Cat Paw Stealing Eggs From a Nest

United States asset managers are increasing their holdings in stock markets abroad, prospecting for havens that minimize the impact of the high interest rates and economic uncertainty plaguing equity prices at home, the Financial Times reported.

For example, PineBridge Investments, which manages $143 billion in assets, said in its most recent strategic statement that it has taken “a more cautious stance on broader U.S. stocks, particularly given today’s overvaluation teamed with the upcoming tightening of credit and risk aversion by banks.”

It also cited the U.S. Federal Reserve pulling its props from the bond market.

Investors have subtracted $34 billion from U.S. equity markets so far this year, while European markets have collected a net $10 billion in new investments, the FT said. About $16 billion has gone to Chinese stock markets.

“To some extent, investors are realizing that China is investable again,” portfolio manager Frank Brochin at the Colony Group told the FT.

Managers began transferring their money to foreign markets last year as equity prices began to slide.

Partly as a result, Europe’s Stoxx 600 index has posted greater returns than the Standard & Poor’s 500 index for the last four consecutive quarters, the first time it has done so since 2008, the FT noted.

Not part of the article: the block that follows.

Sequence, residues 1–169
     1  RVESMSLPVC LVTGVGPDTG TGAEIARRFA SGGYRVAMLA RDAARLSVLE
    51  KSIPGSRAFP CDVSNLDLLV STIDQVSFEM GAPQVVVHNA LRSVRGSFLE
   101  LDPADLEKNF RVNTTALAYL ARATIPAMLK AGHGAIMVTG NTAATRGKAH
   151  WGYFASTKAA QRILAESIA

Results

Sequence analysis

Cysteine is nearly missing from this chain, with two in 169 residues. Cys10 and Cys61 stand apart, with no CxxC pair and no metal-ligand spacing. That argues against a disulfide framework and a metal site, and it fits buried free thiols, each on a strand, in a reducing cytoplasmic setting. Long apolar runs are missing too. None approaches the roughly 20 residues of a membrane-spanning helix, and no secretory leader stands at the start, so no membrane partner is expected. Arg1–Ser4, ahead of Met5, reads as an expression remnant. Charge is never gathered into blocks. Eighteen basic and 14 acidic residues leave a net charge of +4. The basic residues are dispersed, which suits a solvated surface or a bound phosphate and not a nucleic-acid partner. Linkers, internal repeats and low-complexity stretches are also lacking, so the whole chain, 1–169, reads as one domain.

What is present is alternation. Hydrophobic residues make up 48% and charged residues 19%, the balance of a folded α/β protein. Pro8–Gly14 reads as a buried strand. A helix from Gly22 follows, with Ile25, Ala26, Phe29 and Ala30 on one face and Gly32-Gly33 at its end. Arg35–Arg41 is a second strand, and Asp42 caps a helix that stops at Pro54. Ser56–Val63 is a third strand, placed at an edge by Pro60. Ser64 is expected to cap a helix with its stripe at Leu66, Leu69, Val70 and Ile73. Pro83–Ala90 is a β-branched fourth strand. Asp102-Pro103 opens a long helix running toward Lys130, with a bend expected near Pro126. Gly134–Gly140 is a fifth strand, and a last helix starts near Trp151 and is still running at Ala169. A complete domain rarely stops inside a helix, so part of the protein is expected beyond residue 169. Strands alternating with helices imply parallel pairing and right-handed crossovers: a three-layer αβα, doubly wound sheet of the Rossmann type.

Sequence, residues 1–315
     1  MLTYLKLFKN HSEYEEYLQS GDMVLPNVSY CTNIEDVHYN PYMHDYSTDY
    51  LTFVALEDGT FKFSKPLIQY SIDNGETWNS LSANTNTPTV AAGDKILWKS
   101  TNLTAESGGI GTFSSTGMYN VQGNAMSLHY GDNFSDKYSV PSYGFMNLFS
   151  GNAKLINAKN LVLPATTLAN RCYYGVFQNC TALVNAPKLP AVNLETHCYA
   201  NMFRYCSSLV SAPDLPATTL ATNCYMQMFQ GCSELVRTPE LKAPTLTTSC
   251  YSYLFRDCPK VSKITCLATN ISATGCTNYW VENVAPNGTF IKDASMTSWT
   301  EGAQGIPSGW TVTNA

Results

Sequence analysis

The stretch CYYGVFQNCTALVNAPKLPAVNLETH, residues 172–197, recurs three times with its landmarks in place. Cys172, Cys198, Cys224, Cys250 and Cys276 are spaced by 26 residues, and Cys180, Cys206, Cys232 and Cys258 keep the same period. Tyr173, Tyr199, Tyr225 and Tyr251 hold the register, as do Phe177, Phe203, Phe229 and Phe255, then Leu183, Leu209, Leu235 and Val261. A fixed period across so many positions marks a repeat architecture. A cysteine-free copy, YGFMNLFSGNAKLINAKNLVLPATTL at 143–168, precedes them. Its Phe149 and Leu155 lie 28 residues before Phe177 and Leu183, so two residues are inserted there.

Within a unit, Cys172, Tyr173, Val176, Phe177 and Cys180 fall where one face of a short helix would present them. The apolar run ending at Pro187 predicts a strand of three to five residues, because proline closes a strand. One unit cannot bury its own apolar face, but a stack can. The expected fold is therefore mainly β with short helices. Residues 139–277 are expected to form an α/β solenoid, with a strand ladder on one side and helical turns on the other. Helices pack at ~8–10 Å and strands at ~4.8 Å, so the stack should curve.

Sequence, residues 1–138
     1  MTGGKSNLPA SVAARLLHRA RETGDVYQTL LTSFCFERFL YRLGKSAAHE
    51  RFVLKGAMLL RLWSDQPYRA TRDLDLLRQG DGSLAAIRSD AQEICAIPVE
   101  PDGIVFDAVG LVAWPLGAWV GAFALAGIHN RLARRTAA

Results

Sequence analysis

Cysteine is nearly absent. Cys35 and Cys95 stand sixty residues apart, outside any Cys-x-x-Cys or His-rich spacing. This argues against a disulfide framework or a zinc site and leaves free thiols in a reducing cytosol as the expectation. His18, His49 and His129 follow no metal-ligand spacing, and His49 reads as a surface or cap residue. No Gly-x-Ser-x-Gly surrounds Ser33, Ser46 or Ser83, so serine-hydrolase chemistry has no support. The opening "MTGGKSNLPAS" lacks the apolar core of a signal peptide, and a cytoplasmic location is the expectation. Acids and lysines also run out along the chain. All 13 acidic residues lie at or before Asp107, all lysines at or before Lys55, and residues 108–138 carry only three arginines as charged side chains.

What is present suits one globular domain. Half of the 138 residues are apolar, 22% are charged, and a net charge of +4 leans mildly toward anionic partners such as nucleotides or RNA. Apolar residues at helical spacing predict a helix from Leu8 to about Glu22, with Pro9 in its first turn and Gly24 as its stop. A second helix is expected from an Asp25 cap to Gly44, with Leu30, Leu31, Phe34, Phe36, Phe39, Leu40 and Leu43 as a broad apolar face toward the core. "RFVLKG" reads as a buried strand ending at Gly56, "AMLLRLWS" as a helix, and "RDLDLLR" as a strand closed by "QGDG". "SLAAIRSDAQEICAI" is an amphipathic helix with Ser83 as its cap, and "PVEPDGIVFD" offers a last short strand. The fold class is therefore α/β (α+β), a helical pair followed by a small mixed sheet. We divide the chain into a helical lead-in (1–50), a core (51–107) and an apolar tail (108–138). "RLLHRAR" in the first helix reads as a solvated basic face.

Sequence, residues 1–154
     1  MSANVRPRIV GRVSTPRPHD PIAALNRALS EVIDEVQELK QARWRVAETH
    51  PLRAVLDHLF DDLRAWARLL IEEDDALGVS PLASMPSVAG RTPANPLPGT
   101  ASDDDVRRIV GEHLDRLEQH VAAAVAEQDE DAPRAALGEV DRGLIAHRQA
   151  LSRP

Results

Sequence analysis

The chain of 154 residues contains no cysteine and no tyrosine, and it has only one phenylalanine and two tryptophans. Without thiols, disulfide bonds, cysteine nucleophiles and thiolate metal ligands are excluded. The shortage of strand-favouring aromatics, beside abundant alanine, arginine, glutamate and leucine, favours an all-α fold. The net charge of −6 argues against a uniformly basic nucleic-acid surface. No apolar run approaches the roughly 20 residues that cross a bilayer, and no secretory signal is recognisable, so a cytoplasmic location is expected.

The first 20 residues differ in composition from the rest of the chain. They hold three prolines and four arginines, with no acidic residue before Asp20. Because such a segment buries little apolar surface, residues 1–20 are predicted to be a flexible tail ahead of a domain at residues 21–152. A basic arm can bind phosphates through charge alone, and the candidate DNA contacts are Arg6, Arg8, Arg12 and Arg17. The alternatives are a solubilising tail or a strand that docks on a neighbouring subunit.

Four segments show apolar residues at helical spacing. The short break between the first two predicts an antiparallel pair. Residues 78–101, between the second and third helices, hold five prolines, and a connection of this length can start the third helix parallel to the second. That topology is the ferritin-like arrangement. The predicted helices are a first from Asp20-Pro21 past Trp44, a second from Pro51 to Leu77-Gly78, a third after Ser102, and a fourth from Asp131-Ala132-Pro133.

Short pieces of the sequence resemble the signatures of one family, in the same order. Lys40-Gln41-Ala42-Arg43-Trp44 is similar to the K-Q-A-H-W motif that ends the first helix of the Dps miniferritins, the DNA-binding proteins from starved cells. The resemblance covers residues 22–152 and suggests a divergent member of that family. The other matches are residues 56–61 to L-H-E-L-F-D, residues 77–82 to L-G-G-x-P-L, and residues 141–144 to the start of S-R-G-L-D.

Stock markets in China, Europe, and even in emerging nations will outperform U.S. equities for decades to come, the Blackrock Institute has predicted, although the U.S. remains the world’s largest stock market.

In recent years, U.S. markets’ stellar gains were powered disproportionately by tech stocks feeding on rock bottom interest rates. As rates rose, tech stocks fell into disfavor; higher rates crimp their cash flows and long-term earnings potential.

In contrast, Europe’s equities emphasize manufacturing, financial services, and commodities, all of which are impacted less by high interest rates. Investment funds also have learned that asset managers abroad have a better sense of their markets’ behavior and can be more nimble in timing transactions to maximize returns, Brochin added.

“They have a depth of understanding and knowledge of those markets that’s hard to reproduce,” he said.

TREND FORECAST: As Gerald Celente has long noted and as we detail in the ECONOMIC OVERVIEW in this Trends Journal issue, the 20th century was the American century but the 21st century will be the Chinese century. Why? Because the business of America for some 75 years has been war, while the business of China has—and is—business. The writing is on the Wall Street wall for all to see.

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